Armenian Heritage Faces Destruction in Azerbaijan, Nalbandian Tells UNESCO

Foreign Minister Edward Nalbandian speaks at the 37th session of the UNESCO General Conference

YEREVAN—Armenia’s Foreign Minister participated in the 37th session of the UNESCO General Conference, which is dedicated to summarizing the work of the organization during the last two years and discussing the main directions of upcoming activities.

In his statement Foreign Minister Edward Nalbandian particularly mentioned that Armenia attaches great importance to the goal of UNESCO in encouraging intercultural dialogue, understanding and tolerance.

“Since last May, Armenia has assumed the Chairmanship of the Committee of Ministers of the Council of Europe, making the fight against xenophobia, hate-speech and intolerance its key priorities,” Nalbandian said.

He continued by stressing that the destruction and otherwise ill treatment of cultural and historical heritage should be as strongly disapproved of as violence against people.

Nalbandian pointed to the destruction by Azerbaijanis in Nakhijevan of thousands of delicately carved Armenian cross stones, dating from the 9th to the 16th centuries, as a vivid manifestation of such a crime.

“Several thousands of these great medieval sculptures were bulldozed over with the Azerbaijani government’s blessings and the area was turned into a military camp in a government sanctioned operation,” Nalbandian said. “The 16th International Council on Monuments and Sites (ICOMOS) General Assembly resolution regretfully stated with regard to this vandalism: ‘this heritage that once enjoyed its worthy place among the treasures of the world’s heritage can no longer be transmitted today to future generations,’” he added.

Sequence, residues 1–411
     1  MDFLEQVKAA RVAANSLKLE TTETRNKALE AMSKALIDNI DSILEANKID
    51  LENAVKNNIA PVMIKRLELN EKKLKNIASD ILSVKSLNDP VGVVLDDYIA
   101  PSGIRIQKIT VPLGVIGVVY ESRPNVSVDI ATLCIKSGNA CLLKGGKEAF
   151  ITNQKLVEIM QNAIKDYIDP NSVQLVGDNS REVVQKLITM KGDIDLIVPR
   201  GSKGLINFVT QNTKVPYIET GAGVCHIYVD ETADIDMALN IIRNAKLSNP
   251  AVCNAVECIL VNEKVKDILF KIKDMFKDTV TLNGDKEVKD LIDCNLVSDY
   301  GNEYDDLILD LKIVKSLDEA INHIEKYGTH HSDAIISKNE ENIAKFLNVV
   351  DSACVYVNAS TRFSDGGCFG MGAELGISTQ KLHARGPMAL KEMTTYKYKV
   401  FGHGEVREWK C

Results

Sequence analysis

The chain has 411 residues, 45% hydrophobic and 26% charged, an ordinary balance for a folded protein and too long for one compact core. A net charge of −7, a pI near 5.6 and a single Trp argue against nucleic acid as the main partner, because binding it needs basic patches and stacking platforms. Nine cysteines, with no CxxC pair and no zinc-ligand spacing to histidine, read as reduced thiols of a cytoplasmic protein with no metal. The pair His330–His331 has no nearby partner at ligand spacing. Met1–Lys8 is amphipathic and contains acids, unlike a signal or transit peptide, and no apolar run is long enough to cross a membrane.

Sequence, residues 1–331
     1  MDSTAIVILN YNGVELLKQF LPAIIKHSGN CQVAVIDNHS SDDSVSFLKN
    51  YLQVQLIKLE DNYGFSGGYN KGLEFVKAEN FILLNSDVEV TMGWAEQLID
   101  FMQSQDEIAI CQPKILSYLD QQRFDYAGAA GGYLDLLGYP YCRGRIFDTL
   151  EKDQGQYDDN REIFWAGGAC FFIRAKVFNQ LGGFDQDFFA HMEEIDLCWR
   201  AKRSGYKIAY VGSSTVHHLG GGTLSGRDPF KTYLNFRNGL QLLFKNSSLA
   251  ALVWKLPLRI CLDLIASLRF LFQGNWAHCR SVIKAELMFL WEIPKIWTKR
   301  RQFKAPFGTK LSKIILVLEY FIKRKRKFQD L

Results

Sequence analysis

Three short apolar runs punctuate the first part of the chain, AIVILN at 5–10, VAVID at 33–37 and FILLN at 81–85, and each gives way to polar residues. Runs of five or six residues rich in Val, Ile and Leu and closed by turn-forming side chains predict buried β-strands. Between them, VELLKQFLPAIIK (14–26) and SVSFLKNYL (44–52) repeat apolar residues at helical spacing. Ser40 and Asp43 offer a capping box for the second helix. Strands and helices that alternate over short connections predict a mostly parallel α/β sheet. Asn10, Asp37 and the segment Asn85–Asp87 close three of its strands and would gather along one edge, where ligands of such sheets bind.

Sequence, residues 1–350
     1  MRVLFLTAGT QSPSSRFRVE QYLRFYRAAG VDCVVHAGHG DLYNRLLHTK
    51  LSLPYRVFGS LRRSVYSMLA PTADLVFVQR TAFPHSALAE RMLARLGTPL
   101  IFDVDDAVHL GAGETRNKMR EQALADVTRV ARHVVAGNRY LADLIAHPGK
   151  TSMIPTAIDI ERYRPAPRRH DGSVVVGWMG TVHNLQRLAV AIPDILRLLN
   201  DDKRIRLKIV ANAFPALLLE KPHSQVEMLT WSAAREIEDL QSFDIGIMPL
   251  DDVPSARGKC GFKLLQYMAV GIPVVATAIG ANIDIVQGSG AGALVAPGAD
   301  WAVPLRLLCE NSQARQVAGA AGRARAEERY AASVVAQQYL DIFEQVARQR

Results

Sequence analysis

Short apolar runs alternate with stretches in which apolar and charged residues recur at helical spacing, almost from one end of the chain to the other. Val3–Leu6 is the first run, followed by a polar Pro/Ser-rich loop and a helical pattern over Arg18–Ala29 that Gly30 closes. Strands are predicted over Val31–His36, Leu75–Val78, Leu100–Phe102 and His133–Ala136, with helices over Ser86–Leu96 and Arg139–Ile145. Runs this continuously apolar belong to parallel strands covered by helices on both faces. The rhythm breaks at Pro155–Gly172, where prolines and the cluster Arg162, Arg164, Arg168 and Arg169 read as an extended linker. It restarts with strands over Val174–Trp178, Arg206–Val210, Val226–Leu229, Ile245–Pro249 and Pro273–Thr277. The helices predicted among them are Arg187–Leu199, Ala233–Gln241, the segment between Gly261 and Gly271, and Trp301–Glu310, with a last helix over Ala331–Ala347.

Nalbandian also noted that the Armenian government’s numerous calls for sending international fact-finding missions to Nakhijevan, as well as attempts by a number of international organizations and countries, have been either ignored or rejected by the Azerbaijani side.

“The Universal Declaration of Human Rights and the UNESCO Convention against Discrimination in Education state that ‘Education shall promote understanding, tolerance and friendship among all nations, ethnicities or religious groups.’ Taking into consideration UNESCO’s unique role in the sphere of education, we call upon the organization to create within its educational programs an overview mechanism that will examine and evaluate textbooks used in member-states’ educational systems, especially in history and social sciences, with a special emphasis on ensuring the exclusion of racism or xenophobia,” Nalbandian said.

“Armenian heritage, culture, and history, after surviving continuously for three millennia, is today being destroyed, damaged, and distorted in Azerbaijan,” the Foreign Minister said.


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